Sunday, November 22, 2020

All Kinds of Time

Cade McNamara made the most of being inserted at QB for the second half.
Cade McNamara made the most of the opportunity. (Detroit Free Press)

Betting lines should not set narratives in sporting events, but when Michigan was rolled out as an 8-10 point favorite in the early line this weekend over Rutgers, it was simultaneously seen as an indictment of where Michigan is right now because a). I mean, they should be way more of a favorite over Rutgers in a normal circumstance and b). it still seemed pretty generous even with how Michigan had been playing this season.

So when Michigan was down 17-0 in the second quarter and the college football watching portion of the internet began bird-dogging the trainwreck, in stepped Cade McNamara to take the reins at QB from Joe Milton.  Milton's 5 of 12 for 89 yards performance was not inspiring, and several drops or near misses were a source of frustration.  But Michigan needed a spark and McNamara did exactly what was needed.  He hit Mike Sainristil for 14 yards to get Michigan into Rutgers territory, then found a wide-open Cornelius Johnson for 46 yards and Michigan's first score of the game.  Though the two-minute drill left a lot to be desired, Michigan at least had stanched the bleeding and would get the ball back to start the second half.

Giles Jackson's kickoff return for a touchdown to start the second half will be somewhat muted by the fact that Rutgers countered with their own touchdown just three plays later.  But it set the tone for the methodical 8-play drive of its own that Michigan countered with, especially the hard yards by Hassan Haskins to get Michigan first and goal on the Rutgers 10.  Michigan would score two plays later and pull within three.  The offense had settled into some kind of rhythm, and the defense holding Rutgers to a field goal felt like the tiniest of victories.  An exchange of punts later, it was McNamara moving the ball down the field again with a mix of well-executed passes (and a bonus gift of 15-yard penalty for a facemask by Rutgers) and Michigan took its first lead since the end of the Minnesota game.  Hope slowly began to seep back in, like water into someone's unfinished basement, unwelcome but undeniably present.  

When Michigan forced a six and out, aided immensely by a sack by Little Boss Josh Ross, it began to look like Michigan could run a long drive that would salt the game away.  They did just that, to an extent.  A 12 play drive with a solid mix of run and pass burned six minutes of game clock but still left five minutes in the fourth quarter, even as Michigan sat up 8.  Could the defense, as banged up as it is,  find the old magic and get out of New Jersey with an ugly, but still meaningful win in regulation?

No.  It could not. Rutgers made the most of both third and long and fourth and long situations, slipping through the Michigan defense to get a score, and then Noah Vedral dragging Michigan defenders through on a QB draw for the 2-point conversion to knot the game at 35.  It felt like once again the dam of negative feelings was about to burst.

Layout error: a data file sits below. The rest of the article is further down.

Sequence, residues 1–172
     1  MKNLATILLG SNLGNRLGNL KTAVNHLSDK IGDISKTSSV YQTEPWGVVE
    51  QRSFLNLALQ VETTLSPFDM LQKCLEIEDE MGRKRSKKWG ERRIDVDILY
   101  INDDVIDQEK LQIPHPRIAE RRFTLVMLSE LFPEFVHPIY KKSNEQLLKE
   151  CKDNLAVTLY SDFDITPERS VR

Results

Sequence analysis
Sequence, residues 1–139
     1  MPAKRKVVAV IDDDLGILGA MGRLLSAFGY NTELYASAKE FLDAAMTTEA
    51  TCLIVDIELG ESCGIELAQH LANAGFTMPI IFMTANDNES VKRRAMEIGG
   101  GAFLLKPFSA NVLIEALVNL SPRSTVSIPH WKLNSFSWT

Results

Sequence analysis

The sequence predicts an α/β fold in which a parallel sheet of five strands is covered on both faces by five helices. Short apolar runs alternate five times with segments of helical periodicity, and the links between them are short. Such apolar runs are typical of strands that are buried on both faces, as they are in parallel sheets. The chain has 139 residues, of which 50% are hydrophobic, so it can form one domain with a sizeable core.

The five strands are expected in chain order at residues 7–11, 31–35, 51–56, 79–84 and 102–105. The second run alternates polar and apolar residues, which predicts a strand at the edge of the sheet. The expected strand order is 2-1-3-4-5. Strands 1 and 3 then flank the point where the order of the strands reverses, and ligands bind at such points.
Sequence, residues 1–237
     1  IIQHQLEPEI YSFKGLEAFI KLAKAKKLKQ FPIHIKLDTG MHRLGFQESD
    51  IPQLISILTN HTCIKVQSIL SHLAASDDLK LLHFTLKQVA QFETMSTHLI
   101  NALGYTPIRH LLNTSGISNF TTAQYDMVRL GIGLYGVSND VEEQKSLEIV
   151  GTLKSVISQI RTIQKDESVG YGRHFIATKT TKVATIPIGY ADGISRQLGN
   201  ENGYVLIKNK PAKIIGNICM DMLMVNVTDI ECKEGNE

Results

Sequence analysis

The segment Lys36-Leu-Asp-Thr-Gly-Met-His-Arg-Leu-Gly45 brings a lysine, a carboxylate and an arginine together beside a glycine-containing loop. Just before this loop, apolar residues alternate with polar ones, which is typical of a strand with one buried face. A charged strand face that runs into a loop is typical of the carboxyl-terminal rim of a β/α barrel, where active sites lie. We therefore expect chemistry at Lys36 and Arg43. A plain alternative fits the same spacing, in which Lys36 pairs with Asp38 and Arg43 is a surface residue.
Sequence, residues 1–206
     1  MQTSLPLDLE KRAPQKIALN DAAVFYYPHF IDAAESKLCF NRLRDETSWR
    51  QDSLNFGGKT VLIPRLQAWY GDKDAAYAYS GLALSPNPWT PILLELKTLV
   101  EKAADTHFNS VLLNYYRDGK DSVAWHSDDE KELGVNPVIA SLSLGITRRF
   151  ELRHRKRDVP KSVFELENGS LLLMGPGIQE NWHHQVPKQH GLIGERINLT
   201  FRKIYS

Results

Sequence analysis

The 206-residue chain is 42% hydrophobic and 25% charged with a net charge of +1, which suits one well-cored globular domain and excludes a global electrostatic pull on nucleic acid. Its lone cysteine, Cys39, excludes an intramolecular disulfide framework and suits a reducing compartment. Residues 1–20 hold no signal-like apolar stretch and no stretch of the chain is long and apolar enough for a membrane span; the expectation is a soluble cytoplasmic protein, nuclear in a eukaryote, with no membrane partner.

Quinn Nordin's third missed field goal of the day in the opening half of 1OT certainly seemed to confirm the worst.  No way Michigan could hold Rutgers and even if it could, Valentino Ambrosi had been money all night.  The math even backed up the despair (well, not despair, the resignation.)

But Michigan did hold Rutgers to -2 yards on the sequence and Ambrosi missed a 45 yarder to send the game into a second OT and push the game closer to finishing on Sunday morning.  So when Rutgers used a clever pass to get into the end zone on one play, Michigan needed to counter.  And it did, thanks to McNamara continuing to find receivers, Haskins continuing to find ways to get extra yards, and Rutgers continuing to get facemask penalties.  McNamara kept the ball and flipped into the end zone and we headed for 3OT.

Thanks to a DPI prayer on 3rd and 18, Michigan was inside Rutgers 10 once more, and after a pair of Haskins run, they were inside the 1.  People much smarter than me explained why, based on Rutgers' defensive strengths, Michigan did not want to sneak the ball, but it was still maddening to a long-time football observer that Michigan was lined up in shotgun when they needed six feet to get the ball in the end zone.  After McNamara was stopped for no gain on third down, it looked it would be the reasonable question of the day.  But Haskins got in, but the two-point conversion failed when McNamara threw the ball to the wrong side of Ronnie Bell, and now Michigan needed to hold Rutgers off.  Would the defense finally get it done?

Yes.  They did.  They held Rutgers to net one yard on their four plays in 3OT, sealed by a Dax Hill interception in the end zone, to mercifully bring this game to a close, over four and a half hours after this whole affair had begun.

There is no great lesson from this game just as there is no great lesson from this season.  Michigan has a bunch of players injured in the middle of a global pandemic in a season that probably shouldn't be being played, but here we are.  We still came together to suffer collectively but we did it collectively.  It was the most Michigan football thing possible.

Sunday, November 08, 2020

New Routine

Michigan coach Jim Harbaugh reacts towards a game official after a call during the second half of U-M's 38-21 loss on Saturday, Nov. 7, 2020, in Bloomington, Indiana.  (Doug McSchooler/AP)

It doesn't hurt at all and I couldn't figure out why.  It's not because I don't care, because I do.  Perhaps not as passionately as I did in my youth, but I still care, but it is a level of caring tempered by realities both small and larger. It's not that it wasn't expected, hardly, I was going to be fully and completely shocked if Michigan managed to pull this off.  No, it was just, it was a game, one of several, being played at noon on Saturday, and Michigan, like a lot of teams in 2020, did not look very good in their playing of it.